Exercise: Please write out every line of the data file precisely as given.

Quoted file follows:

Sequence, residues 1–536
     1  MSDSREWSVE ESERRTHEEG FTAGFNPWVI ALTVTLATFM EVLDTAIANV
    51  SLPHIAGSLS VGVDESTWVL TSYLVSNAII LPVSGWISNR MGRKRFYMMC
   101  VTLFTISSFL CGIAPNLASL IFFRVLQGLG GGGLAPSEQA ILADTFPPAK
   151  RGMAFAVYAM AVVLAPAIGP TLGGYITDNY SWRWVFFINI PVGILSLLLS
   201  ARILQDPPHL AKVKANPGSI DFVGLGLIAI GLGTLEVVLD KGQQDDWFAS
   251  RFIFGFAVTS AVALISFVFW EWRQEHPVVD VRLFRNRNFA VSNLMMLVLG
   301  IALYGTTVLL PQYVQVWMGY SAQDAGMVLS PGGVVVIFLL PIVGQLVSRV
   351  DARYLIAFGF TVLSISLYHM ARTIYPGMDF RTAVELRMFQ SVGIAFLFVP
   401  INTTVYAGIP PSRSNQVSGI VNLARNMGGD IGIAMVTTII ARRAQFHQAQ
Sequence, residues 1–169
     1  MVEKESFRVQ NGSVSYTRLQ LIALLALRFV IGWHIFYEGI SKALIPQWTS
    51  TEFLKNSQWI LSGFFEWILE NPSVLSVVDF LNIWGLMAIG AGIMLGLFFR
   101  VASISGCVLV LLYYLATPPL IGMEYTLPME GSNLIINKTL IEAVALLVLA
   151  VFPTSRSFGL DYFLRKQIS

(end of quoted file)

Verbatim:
Sequence, residues 1–536
     1  MSDSREWSVE ESERRTHEEG FTAGFNPWVI ALTVTLATFM EVLDTAIANV
    51  SLPHIAGSLS VGVDESTWVL TSYLVSNAII LPVSGWISNR MGRKRFYMMC
   101  VTLFTISSFL CGIAPNLASL IFFRVLQGLG GGGLAPSEQA ILADTFPPAK
   151  RGMAFAVYAM AVVLAPAIGP TLGGYITDNY SWRWVFFINI PVGILSLLLS
   201  ARILQDPPHL AKVKANPGSI DFVGLGLIAI GLGTLEVVLD KGQQDDWFAS
   251  RFIFGFAVTS AVALISFVFW EWRQEHPVVD VRLFRNRNFA VSNLMMLVLG
   301  IALYGTTVLL PQYVQVWMGY SAQDAGMVLS PGGVVVIFLL PIVGQLVSRV
   351  DARYLIAFGF TVLSISLYHM ARTIYPGMDF RTAVELRMFQ SVGIAFLFVP
   401  INTTVYAGIP PSRSNQVSGI VNLARNMGGD IGIAMVTTII ARRAQFHQAQ
Sequence, residues 1–169
     1  MVEKESFRVQ NGSVSYTRLQ LIALLALRFV IGWHIFYEGI SKALIPQWTS
    51  TEFLKNSQWI LSGFFEWILE NPSVLSVVDF LNIWGLMAIG AGIMLGLFFR
   101  VASISGCVLV LLYYLATPPL IGMEYTLPME GSNLIINKTL IEAVALLVLA
   151  VFPTSRSFGL DYFLRKQIS